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Grizzly bears, black bears, wolves, coyotes, cougars/ mountain lions,bobcats, wolverines, lynx, foxes, fishers and martens are the suite of carnivores that originally inhabited North America after the Pleistocene extinctions. This site invites research, commentary, point/counterpoint on that suite of native animals (predator and prey) that inhabited The Americas circa 1500-at the initial point of European exploration and subsequent colonization. Landscape ecology, journal accounts of explorers and frontiersmen, genetic evaluations of museum animals, peer reviewed 20th and 21st century research on various aspects of our "Wild America" as well as subjective commentary from expert and layman alike. All of the above being revealed and discussed with the underlying goal of one day seeing our Continent rewilded.....Where big enough swaths of open space exist with connective corridors to other large forest, meadow, mountain, valley, prairie, desert and chaparral wildlands.....Thereby enabling all of our historic fauna, including man, to live in a sustainable and healthy environment. - Blogger Rick

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Friday, December 2, 2016

While not a hunter myself, I have a couple of friends who seek their venison yearly in the woodlands via the vintage Pennsylvania Long Rifle(the weapon of choice that the American Colonists used during the French and Indian War on through the Revolution)............... Thought that I would share their feelings(and mine) about being out in the woods during what in New England, the Great Lake States, NY, NJ and Pennsylvania is known as the "quiet season"(leaves off the trees, wind whistling through the forest, snow falling gently).....................In fact, this feeling is captured beautifully by NORTHERN WOODLANDS MAGAZINE editor Dave Mance in the article below..............I will tell you whether hunter, birder or hiker, nothing comes close to being out in the woods and meadows during this time of year............The "quiet", the periodic bird chirps, the footprints of deer/ coyote/ fox,/fisher/bobcat, the unique sound of bare trees rocking to and fro from the wind----Your senses on overdrive/your mind in introspection-mode, the feeling of being alone in the world and yet a part of the greater life circle unequaled

by: Dave Mance
Djou See Anything?
A deer hunter pushes open the door and enters a warm, slow camp. The woodstove pings pleasantly as it accommodates a fresh charge of wood. Wet clothes hung above it shutter slightly in the heat’s convection. A venison roast, smothered in broth and onions, simmers on an antique range.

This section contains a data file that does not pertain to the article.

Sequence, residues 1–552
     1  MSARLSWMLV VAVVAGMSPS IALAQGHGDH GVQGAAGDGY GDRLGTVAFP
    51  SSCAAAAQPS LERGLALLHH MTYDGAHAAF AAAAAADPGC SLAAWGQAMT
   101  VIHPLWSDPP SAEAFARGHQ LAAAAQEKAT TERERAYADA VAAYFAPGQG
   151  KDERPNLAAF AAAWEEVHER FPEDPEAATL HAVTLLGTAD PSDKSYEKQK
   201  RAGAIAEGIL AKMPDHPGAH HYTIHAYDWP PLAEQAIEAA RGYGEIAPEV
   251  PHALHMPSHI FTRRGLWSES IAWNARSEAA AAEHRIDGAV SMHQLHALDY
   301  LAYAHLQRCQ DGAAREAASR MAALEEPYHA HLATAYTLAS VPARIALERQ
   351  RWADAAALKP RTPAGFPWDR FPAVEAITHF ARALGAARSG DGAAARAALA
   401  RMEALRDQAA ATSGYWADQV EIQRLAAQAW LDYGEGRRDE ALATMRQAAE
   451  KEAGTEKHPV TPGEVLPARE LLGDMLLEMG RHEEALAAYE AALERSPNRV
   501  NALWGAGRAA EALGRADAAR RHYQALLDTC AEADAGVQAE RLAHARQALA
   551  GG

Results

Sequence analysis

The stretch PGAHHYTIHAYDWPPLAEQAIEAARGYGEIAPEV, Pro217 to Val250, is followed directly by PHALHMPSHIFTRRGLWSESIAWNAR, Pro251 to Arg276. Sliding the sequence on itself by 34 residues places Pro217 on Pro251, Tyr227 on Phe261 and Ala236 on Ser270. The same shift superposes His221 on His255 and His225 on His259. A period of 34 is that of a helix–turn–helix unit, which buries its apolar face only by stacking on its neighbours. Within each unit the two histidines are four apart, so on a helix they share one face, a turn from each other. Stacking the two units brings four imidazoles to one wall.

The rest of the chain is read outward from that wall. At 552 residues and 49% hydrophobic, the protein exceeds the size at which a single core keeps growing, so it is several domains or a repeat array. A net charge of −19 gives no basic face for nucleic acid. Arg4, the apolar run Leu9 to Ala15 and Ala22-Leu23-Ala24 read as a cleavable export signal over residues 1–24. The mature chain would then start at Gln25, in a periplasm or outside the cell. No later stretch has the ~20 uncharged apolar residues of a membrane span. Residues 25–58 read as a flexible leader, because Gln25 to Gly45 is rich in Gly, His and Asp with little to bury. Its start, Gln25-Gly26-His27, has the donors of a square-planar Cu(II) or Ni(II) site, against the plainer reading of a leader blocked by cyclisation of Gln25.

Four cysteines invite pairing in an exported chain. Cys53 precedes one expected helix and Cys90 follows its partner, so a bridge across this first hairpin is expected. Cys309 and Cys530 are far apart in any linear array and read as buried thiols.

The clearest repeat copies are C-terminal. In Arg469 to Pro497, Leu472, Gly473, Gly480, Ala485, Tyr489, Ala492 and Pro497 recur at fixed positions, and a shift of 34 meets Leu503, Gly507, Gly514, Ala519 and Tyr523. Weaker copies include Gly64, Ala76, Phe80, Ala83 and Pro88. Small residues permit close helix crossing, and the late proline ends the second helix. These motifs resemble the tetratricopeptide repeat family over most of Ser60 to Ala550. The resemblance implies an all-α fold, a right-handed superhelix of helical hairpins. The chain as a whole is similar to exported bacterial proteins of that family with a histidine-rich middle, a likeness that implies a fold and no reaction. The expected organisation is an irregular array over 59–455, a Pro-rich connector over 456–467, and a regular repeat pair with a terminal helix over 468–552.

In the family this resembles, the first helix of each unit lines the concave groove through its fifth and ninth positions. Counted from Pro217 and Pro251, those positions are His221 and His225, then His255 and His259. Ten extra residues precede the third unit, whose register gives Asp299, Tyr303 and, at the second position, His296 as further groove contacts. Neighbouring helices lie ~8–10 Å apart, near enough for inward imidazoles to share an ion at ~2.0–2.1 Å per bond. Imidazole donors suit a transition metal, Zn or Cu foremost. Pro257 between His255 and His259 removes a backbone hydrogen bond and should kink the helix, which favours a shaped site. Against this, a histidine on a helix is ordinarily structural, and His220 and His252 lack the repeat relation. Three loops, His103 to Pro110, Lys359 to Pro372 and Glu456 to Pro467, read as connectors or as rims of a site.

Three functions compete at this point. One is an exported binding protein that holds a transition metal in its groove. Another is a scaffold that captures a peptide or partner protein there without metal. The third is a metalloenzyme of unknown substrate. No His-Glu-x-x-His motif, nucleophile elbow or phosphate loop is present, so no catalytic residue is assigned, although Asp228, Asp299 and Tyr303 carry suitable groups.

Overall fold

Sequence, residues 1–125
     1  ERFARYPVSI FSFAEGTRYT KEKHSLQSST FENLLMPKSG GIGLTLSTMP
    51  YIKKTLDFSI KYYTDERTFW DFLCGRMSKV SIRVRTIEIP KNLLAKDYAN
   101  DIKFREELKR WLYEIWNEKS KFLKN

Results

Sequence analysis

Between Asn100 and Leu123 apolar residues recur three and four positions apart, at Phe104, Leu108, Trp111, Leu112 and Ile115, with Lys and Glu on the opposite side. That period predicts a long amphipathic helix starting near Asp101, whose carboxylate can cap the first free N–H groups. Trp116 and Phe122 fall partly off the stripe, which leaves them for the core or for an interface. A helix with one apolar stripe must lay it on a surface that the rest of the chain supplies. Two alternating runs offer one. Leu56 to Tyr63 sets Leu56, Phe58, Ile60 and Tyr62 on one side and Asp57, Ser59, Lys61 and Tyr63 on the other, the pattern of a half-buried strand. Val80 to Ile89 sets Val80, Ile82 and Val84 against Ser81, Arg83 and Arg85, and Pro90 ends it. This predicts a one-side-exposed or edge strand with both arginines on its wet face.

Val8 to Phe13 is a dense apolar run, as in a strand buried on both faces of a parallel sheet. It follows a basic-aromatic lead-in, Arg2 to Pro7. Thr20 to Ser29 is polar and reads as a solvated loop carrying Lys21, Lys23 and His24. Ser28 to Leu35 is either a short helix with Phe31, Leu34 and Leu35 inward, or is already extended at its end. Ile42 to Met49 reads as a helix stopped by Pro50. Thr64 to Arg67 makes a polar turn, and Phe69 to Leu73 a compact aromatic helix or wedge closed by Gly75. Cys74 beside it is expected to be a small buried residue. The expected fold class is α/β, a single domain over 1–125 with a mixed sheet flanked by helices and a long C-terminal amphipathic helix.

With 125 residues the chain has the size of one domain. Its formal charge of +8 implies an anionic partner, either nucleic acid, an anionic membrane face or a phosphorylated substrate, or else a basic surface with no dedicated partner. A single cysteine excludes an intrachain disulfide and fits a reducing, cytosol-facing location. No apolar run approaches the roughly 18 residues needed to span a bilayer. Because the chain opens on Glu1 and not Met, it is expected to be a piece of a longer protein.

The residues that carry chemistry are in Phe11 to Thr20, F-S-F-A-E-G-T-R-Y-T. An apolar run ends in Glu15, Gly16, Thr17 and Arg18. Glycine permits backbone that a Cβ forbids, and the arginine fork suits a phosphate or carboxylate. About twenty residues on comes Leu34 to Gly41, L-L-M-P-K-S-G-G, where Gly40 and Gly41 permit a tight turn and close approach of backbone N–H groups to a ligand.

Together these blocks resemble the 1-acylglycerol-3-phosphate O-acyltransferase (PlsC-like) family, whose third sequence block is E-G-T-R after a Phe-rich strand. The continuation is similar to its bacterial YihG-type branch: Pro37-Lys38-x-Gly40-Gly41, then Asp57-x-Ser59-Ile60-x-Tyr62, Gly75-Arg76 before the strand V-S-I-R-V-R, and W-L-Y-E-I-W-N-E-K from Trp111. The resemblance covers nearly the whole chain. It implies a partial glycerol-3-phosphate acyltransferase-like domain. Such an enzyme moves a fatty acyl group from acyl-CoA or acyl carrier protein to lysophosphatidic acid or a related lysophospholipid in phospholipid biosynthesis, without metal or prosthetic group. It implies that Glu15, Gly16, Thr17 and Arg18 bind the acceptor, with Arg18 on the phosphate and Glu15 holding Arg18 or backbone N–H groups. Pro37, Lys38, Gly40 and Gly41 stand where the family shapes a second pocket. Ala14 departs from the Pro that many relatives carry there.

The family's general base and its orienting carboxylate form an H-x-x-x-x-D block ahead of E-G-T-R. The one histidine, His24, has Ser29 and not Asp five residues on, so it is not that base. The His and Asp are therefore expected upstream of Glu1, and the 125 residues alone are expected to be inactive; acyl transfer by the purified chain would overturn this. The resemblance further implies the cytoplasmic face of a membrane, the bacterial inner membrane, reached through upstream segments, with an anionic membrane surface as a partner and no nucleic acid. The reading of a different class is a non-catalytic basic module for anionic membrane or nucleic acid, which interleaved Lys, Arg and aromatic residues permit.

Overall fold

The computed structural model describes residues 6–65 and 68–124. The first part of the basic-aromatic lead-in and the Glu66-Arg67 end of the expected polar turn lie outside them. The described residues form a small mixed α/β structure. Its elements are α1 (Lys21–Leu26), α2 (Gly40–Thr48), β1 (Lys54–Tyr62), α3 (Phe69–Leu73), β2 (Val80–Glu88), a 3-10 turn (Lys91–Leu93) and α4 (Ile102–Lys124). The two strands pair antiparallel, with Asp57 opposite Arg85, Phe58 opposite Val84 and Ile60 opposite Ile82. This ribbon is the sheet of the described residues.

Around a table older men play cribbage beneath the yellow glow of a gas light. “Djou see anything?” one asks. It’s a more complicated question than it sounds. The hunter furrows his brow and wonders where to begin.
He’s seen a moon that hung like a tear in the black, pre-dawn sky, a wound cauterized by dawn’s light. He seen a landscape animate – a woodblock relief become a color photograph. Trees that were iron black become textured: whites and pale greens and dark greens on the fissured bark.
He’s seen cold – yes, seen it – sitting in the puddled bottom of the layer-cake air. In the hoarfrost the day before in the hemlock bog. In hair ice that sprouted from downed limb-wood, each strand 10,000 times longer than it was thick.
He’s seen the animal life around him persevere despite the cold. A deer mouse that mistook his arm for a log. The black-tipped tail of a weasel floating manically a few inches above the ground. Blue jays eating birch seeds: little flashes of empyrean blue.
He’s seen twin brooks that raced down cracks in the earth like white lightning; water that sang as it curled around boulders; water that, when he stopped to drink it, was so cold it seemed hot.
He’s seen the sky turn gray before its time, then small, fast snow that coated branches and forced even forearm-thick limbs into seasonal genuflection. Vandal west winds that painted tree trunks white and ripped the marcescent beech leaves from their stems.
He’s seen hare tracks unrolled across the snow like ghost-face stickers. Coyote tracks like a string of beads. Buck tracks like alternate leaves on a branch that lead to a buck in his bed. An ovoid depression marked by a tarsal-brown streak. Great bounds to the north as the buck made his escape. The hunter kneeling in the bed and a mingling there of two life forces – this ancient ritual that’s as old as life on earth. The driving snow already wiping away every trace.
The older men are looking at him expectantly. “Jumped a buck but couldn’t get a shot,” he replies as his companions go back to their card game. It will be enough.

by The Photography of Brandon Neubert

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